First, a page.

When you get really excited or something stirs you emotionally, where do you “feel” it? In New Testament times, there were a couple different beliefs about that. One idea was that the center of emotions was in the intestines. Why did they think that? I suppose it was because of what we call “butterflies”…we even speak of having “butterflies in the stomach.”
There second idea was that emotions were centered in, get this, the kidneys. I’ve got no explanation for that one!!!
We tend to think of the heart as being related to our emotions. We talk about being “heart-sick” because we’re so in love, and certainly stress can cause us pain in our chest.
I find that kind of strange, too, because emotions are really in the brain. It’s just that the brain is so powerful that it affects the rest of the body, too, causing the feelings in the intestines, stomach, heart and kidneys(?).
When I was last walking through Founders Grove along California’s Avenue of the Giants (giant sequoia trees), I came to a very dark area of the forest. It was an overcast day, which made it even darker…but when you are on the floor of a redwood forest it tends to be a bit dark anyway because the canopy is so far above you that it blocks out much of the sunlight. I turned a corner and saw interesting contrasts of light and shadow and the wet bark/side of a huge fallen tree. On the exposed area, a heart had been carved by someone’s pocketknife. I have to say that I don’t “cotton” much to people doing that, but I thought it made for an interesting picture. It’s a bit to the upper right of the center of the picture…and you can only really make out the left half of the heart because of the light on the right side of the heart.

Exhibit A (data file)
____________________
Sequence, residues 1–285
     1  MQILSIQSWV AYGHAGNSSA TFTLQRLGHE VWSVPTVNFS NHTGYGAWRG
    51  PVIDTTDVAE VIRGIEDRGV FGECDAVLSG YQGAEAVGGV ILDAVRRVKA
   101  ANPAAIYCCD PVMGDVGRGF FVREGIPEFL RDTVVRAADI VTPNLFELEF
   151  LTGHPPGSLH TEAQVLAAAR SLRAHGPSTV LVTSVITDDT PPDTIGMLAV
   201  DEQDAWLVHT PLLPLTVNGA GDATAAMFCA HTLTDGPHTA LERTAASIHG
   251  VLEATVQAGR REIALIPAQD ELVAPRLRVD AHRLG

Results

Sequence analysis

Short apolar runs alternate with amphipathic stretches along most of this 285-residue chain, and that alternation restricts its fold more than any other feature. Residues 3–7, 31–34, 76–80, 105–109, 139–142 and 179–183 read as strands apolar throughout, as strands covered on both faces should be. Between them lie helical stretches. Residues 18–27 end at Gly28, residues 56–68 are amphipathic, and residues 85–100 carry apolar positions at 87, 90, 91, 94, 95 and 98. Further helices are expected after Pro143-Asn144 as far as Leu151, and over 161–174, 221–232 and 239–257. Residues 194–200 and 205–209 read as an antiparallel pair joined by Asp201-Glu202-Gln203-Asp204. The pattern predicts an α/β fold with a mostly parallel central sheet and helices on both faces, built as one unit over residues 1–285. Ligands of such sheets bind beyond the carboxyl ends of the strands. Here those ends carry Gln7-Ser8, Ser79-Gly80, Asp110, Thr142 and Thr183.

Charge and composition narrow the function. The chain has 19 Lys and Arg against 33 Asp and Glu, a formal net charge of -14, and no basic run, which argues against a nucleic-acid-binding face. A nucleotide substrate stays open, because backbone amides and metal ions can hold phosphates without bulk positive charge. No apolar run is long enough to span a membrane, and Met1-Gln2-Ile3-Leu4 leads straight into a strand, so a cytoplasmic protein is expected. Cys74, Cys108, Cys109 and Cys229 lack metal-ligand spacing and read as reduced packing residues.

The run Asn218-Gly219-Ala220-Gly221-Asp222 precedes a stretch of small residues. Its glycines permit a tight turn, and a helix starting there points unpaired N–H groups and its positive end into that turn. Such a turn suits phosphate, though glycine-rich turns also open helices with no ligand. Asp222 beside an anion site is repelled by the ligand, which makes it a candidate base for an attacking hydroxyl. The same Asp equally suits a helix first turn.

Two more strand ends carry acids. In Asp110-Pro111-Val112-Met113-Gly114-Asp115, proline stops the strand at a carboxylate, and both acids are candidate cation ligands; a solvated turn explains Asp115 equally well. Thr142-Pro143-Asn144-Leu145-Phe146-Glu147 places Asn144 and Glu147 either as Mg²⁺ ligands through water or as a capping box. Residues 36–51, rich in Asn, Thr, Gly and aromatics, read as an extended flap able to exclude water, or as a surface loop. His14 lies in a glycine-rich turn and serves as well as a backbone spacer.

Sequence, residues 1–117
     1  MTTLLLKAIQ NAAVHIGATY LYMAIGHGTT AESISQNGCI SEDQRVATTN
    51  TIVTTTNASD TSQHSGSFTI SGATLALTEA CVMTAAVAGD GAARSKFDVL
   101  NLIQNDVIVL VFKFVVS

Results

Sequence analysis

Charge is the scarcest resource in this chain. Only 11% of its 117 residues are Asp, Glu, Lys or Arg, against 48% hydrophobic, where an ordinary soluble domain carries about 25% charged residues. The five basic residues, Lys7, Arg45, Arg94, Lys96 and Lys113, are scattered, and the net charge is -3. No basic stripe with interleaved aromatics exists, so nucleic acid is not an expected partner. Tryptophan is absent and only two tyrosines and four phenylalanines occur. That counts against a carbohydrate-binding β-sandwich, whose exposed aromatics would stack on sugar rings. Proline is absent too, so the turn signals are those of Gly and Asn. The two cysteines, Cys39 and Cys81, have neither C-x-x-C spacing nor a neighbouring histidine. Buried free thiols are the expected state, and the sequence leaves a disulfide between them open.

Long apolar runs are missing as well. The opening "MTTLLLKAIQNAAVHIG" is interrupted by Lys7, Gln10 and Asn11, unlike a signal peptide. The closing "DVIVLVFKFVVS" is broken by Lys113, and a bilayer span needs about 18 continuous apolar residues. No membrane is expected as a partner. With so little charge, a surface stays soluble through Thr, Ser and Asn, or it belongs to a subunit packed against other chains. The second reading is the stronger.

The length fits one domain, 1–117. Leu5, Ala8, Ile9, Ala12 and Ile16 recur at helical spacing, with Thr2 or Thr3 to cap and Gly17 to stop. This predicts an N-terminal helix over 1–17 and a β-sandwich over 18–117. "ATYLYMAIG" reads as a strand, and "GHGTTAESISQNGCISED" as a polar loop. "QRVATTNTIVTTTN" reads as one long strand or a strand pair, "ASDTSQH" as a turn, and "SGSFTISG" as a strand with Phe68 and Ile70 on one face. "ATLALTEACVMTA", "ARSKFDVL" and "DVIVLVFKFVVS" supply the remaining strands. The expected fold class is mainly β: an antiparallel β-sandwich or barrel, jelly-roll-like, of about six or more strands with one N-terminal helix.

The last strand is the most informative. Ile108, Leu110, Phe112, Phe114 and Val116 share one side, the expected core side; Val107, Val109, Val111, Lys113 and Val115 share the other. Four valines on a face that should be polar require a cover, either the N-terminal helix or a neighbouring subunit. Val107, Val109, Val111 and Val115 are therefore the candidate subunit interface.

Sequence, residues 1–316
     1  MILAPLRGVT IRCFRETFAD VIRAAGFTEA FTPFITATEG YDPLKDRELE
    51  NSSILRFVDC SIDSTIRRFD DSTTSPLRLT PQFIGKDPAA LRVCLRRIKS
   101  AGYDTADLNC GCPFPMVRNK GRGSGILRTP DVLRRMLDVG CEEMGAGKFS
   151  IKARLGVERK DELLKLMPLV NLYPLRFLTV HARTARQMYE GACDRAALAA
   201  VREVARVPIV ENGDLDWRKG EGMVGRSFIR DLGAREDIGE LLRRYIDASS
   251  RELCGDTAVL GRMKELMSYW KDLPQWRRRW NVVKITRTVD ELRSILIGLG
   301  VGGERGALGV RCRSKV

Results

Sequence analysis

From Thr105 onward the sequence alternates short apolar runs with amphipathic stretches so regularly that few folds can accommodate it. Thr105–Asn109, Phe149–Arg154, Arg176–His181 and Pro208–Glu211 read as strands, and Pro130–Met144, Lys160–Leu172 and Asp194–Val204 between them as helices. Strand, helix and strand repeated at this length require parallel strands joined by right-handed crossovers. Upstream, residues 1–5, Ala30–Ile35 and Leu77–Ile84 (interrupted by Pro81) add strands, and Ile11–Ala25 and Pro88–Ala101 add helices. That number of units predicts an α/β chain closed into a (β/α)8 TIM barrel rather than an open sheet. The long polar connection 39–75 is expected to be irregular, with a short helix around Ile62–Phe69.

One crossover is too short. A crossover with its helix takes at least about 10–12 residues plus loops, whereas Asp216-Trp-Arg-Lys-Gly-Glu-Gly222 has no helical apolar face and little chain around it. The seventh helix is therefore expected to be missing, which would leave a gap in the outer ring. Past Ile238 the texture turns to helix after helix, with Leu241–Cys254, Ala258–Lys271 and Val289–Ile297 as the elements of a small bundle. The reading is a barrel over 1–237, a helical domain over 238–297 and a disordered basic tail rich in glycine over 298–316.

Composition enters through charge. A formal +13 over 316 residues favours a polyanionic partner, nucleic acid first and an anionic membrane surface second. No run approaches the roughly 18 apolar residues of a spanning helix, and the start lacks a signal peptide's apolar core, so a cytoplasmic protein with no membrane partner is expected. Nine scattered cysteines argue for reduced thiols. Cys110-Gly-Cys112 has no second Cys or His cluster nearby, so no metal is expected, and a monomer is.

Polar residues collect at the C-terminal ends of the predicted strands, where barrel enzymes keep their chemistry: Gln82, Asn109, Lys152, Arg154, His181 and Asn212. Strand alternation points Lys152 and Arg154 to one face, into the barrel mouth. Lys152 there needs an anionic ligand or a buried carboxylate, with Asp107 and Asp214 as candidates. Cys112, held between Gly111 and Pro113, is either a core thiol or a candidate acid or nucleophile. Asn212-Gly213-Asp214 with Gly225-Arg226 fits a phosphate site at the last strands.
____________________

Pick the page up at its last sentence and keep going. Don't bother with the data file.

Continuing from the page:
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ON THIS DAY IN HISTORY: in 1938, Kate Smith sang “God Bless America” for the first time. It would become her signature song. Irving Berlin had composed it in 1917, but it had never been performed until Ms. Smith sang in on this day.
TRIVIA FOR TODAY: the concealed lace basketball was introduced in 1927. Prior to that, the laces were on the outside and it would bounce crazily when the laces hit the floor. Ah, it took a real man to play the game in those days!